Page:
The big presidential “Jobs Speech” has been delivered, and Obama’s now on the road to garner support.
Expectations were high for this speech. The most important takeaway from my perspective was that Obama’s passion had returned, and his energy was higher than we’ve seen in a long while. Finally, after years of tossing the agenda setting responsibility to a Congress functionally unable to lead, he presented a specific proposal and exhorted Congress in no uncertain terms: “Pass this Jobs Bill.” Thank goodness. Even the Republicans responded with a more respectful and measured rhetoric afterward. This week’s Round Up offers a selection of pieces that respond to the speech. What did you think about it? Please share.
In The Daily Beast’s sampling of responses “Will It Work?” top economists shared their reaction to the plan, and predictably there was both support and skepticism that this will be the plan will solve the crisis.
I found Brooklyn based writer, photographer and Professor of English Syreeta McFadden’s piece “Let’s Meet the Moment. Let’s Get to Work.” interesting. She echoed the concern of many that while the speech was full of Obama enthusiasm, the the president and the leaders in inside the Beltway don’t appear to “have a clue” about what it’s going to take to redefine job growth for this new American century and said she “felt pandered to”.
“ I suppose I wanted Obama to level with me (the American people, labor) and say: ‘The jobs you had are not coming back. It’s time to embrace new possibilities. Have you considered returning to school? Have you thought of working with your hands? Perhaps there’s an idea that we could fund that would be to benefit of us all? Let’s build something.’ Or: ‘Employers, to remain competitive in the global economy, you’re going to need to innovate your business practices. It also means that you must take a risk: you must train your new hires to be competitive in this new economy. You may also want to check your biases towards the long term unemployed at the door. Invest in them and they’ll invest in you. Seriously. Everyone’s got to eat…’ Or: ‘Graduates of 2009-2011, help is on the way. We certainly didn’t train you for this.’ Or: ‘Work is changing. Gone are the careers and jobs of your parents and grandparents. Over the next two decades, you will all become specialized workers, and independent.”
In contrast, here is a tone of activism and more optimism in “The American Jobs Act and Young Female Entrepreneurs” have decided to “Carpe the Chaos” – including a summary from the Fact-Sheet from the White House that they felt “are the more relevant to the young, female entrepreneur.”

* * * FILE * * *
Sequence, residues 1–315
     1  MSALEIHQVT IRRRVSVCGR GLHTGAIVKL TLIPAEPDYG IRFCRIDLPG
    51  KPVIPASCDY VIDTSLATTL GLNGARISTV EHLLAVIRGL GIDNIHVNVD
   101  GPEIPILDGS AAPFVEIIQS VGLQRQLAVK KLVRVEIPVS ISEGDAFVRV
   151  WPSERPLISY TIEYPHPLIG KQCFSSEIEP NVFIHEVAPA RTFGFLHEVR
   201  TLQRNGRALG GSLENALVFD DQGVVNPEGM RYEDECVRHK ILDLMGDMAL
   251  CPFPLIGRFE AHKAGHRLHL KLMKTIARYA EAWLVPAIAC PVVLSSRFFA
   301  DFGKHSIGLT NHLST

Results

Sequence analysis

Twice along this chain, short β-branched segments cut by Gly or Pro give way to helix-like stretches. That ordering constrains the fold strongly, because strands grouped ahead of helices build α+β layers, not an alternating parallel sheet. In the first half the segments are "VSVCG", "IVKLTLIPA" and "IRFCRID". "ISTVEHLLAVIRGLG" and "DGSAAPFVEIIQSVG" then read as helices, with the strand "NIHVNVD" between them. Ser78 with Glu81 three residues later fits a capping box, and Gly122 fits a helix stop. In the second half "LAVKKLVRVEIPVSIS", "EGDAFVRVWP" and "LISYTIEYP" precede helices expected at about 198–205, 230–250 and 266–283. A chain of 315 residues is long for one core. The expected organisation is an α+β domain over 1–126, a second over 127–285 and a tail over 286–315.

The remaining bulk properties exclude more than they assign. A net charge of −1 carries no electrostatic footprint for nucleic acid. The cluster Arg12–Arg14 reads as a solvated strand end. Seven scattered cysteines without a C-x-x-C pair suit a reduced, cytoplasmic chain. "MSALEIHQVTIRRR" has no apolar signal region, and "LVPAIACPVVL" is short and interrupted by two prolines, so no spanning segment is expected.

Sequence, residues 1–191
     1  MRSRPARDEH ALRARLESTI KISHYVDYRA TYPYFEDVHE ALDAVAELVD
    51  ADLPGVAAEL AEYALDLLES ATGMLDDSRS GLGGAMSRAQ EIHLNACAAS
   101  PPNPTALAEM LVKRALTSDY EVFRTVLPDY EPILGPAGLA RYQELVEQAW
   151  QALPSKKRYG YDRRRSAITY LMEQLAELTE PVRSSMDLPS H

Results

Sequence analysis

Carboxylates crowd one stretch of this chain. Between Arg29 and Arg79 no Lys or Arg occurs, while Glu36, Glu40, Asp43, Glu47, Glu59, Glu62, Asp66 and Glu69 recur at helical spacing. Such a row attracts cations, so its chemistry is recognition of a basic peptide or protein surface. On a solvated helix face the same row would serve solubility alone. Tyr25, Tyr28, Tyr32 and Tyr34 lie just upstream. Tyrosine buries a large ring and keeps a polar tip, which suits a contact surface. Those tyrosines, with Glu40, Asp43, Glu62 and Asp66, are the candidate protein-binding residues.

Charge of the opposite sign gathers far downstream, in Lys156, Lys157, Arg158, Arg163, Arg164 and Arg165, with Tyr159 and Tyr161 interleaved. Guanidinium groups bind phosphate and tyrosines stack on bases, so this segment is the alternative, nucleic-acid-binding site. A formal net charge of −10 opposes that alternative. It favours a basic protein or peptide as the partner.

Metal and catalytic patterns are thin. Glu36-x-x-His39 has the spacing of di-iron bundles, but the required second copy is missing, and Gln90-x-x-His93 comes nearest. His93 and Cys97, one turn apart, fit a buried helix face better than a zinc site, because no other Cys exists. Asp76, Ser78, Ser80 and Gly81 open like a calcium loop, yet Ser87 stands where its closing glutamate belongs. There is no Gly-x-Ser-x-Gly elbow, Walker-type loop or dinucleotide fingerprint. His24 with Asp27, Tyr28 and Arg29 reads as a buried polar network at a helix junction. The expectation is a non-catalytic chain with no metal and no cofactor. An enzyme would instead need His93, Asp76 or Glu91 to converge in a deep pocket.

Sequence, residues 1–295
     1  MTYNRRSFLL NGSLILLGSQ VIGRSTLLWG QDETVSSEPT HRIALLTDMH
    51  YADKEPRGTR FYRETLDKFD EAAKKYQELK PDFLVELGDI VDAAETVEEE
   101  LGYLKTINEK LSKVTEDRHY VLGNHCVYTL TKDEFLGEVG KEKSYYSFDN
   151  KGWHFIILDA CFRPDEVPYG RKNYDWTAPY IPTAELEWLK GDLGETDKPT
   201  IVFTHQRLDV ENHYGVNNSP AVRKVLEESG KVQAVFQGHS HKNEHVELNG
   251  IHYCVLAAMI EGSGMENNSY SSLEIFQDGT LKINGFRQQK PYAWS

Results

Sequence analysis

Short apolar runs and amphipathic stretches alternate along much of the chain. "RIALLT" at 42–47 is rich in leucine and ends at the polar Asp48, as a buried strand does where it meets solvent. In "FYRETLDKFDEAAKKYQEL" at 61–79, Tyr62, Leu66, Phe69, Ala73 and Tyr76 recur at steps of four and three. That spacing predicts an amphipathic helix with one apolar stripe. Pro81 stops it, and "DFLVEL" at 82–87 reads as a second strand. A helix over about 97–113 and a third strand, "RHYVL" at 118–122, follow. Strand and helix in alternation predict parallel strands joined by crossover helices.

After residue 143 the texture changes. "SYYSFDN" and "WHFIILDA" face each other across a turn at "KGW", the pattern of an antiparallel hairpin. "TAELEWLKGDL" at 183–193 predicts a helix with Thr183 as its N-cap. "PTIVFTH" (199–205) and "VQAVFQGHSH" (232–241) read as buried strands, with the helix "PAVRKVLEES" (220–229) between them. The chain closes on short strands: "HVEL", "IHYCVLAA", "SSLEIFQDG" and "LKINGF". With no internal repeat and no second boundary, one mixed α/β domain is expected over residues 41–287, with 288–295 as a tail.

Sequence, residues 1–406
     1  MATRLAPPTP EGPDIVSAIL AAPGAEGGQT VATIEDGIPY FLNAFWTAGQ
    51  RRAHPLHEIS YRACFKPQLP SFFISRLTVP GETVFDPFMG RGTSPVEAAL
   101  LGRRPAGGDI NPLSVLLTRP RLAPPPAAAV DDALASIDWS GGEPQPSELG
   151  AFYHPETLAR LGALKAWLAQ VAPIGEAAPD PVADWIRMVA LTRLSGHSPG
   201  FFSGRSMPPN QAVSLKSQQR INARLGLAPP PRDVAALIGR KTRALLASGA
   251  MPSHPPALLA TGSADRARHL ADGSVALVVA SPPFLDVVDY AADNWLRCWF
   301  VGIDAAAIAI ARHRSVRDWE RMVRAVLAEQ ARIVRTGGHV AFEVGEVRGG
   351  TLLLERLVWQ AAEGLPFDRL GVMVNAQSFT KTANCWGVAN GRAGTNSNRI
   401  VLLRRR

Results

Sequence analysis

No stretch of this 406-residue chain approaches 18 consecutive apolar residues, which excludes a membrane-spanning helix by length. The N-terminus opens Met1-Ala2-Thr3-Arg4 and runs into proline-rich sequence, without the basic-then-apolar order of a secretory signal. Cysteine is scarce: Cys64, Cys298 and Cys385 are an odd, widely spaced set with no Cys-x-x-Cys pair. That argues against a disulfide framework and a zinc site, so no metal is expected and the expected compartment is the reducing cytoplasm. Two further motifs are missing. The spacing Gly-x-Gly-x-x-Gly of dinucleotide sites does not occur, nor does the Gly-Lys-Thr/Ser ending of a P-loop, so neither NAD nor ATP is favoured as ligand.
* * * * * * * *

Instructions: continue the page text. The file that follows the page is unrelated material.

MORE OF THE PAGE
“As young, American women we have a duty to be informed of what is going on in the world around us. As business owners, on top of staying current in consumer, industry, and business trends we must also be actively involved in knowing what is being discussed in our government. Our livelihoods can depend on government policy: taxes, health care, regulations, and more. Last night President Obama addressed a joint session of Congress presenting the American Jobs Act. What is your plan for making sure your elected officials represent your best interests?”
Big breakthrough IMO: The president acknowledged (for the first time I can remember any president doing in a major speech) specifically the role of women in driving the economic engine, and from a political power perspective obviously gets his need to curry the favor of women voters. Within minutes after the speech, the White House sent out this Fact-Sheet about the impact of the American Jobs Act targeted to women whom the White House apparently believes could help carry the message of “PASS THIS BILL” to successful passage–and perhaps to the ballot box in 2012. Note the references to materials and studies from several major women’s groups. Way to influence and take leadership, sisters!
“Today nearly two-thirds of women are breadwinners or cobreadwinners for their families, so it’s critical that any plan for recovery and job growth include opportunities for women. To create jobs for these women, and help women business owners expand, the President unveiled the American Jobs Act – nearly all of which is made up of ideas that have been supported by both Democrats and Republicans, and that Congress should pass right away to get the economy moving now.”
So while clearly this is just the beginning of this political battle, when I was asked by Politico: The Arena “Will Obama’s jobs plan work?” I said I, too, was relieved to see the passion back in Obama. The caveat from a leadership perspective is this: he certainly changed the tone, but he has yet to change the conversation.
What are your thoughts about the Jobs Bill and the work ahead?
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